It makes sense that one of “Dreamland’s” lead characters is a jazz trumpet player because McDonald has made a Bebop movie, a deconstructed genre flick with a fast tempo and unexpected story angles with only occasional references to the expected genre tropes. This quote from cornetist, pianist, and composer Bix Beiderbecke about the music he loved could also apply to “Dreamland.” “One thing I like about jazz, kid,” he said, “is that I don’t know what’s going to happen next. Do you?” One thing is for sure about “Dreamland.” You won’t know what comes next.
Richard sits in with Marcia McMillan to have a look at the the rollercoaster action of “Jason Bourne,” the heartwarming (and slightly raunchy) comedy of “Bad Moms,” “Cafe Society’s” period piece humour and the online intrigue of “Nerve.”
If you thought Pokémon Go, with reports of people being ambushed and robbed while searching for those elusive Digletts and Rhyhorns, was risky along comes a new movie with an even deadlier game. “Nerve,” a new thriller starring Emma Roberts, Dave Franco and Juliette Lewis, introduces an on-line truth or dare game… minus the truth.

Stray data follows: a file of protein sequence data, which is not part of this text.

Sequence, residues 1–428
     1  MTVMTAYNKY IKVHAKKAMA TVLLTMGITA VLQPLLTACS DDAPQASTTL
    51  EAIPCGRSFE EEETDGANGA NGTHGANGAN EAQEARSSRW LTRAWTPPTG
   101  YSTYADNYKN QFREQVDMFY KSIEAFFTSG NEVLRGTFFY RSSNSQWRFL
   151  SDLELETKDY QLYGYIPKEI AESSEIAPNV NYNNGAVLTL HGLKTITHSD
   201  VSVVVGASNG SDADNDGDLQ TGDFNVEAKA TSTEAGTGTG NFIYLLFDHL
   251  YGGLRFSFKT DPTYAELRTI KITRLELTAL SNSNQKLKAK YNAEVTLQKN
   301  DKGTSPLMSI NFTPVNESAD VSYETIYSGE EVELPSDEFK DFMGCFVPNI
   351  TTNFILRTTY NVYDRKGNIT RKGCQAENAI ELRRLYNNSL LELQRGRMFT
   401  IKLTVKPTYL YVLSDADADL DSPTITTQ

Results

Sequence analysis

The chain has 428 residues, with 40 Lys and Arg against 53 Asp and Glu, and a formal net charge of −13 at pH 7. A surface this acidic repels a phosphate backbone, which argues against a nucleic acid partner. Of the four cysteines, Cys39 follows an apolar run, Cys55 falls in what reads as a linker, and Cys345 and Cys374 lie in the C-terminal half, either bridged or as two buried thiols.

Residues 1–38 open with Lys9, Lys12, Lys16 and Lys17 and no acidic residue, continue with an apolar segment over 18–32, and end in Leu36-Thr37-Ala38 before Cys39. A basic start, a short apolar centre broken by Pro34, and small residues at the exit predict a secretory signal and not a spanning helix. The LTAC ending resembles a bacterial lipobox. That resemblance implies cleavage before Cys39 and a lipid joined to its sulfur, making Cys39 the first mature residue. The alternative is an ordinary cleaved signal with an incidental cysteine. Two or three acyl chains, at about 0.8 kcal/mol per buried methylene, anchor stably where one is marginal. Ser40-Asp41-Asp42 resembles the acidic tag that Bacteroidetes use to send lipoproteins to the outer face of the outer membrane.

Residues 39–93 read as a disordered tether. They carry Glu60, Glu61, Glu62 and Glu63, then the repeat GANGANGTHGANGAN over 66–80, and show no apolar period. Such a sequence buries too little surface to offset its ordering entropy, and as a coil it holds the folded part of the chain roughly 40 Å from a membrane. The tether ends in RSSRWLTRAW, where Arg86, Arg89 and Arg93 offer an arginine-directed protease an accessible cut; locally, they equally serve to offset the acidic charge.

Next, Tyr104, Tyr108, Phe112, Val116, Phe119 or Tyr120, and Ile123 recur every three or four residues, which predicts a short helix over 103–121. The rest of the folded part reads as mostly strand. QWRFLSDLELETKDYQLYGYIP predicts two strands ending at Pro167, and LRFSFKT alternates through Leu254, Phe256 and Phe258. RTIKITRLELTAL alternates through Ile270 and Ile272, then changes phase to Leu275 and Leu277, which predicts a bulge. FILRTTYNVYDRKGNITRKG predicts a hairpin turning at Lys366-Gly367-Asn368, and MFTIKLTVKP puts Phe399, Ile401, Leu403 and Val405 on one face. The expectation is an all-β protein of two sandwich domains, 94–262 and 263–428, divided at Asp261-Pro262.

Roberts stars as Venus Delmonico—Vee for short—a Staten island high school senior who rarely strays outside her comfort zone. “Life is passing you by,” her friend Sydney (Emily Meade) says. “You need to take a few risks every once and a while. You’re playing Nerve.”
The on-line game is fairly simple, or so it seems. Players are given a series of stunts to perform—like hanging moons, getting a tattoo, eating gross stuff or singing in public. Basically it takes advantage of its player’s poor impulse control and bad decision-making. “Watchers pay to watch, players play to win. Cash or glory? Are you a watcher or a player?” The game that uses your personal online info to tailor dares that play on your fears and deposit cash in your account for every challenge completed. The wilder the stunt the bigger the payday.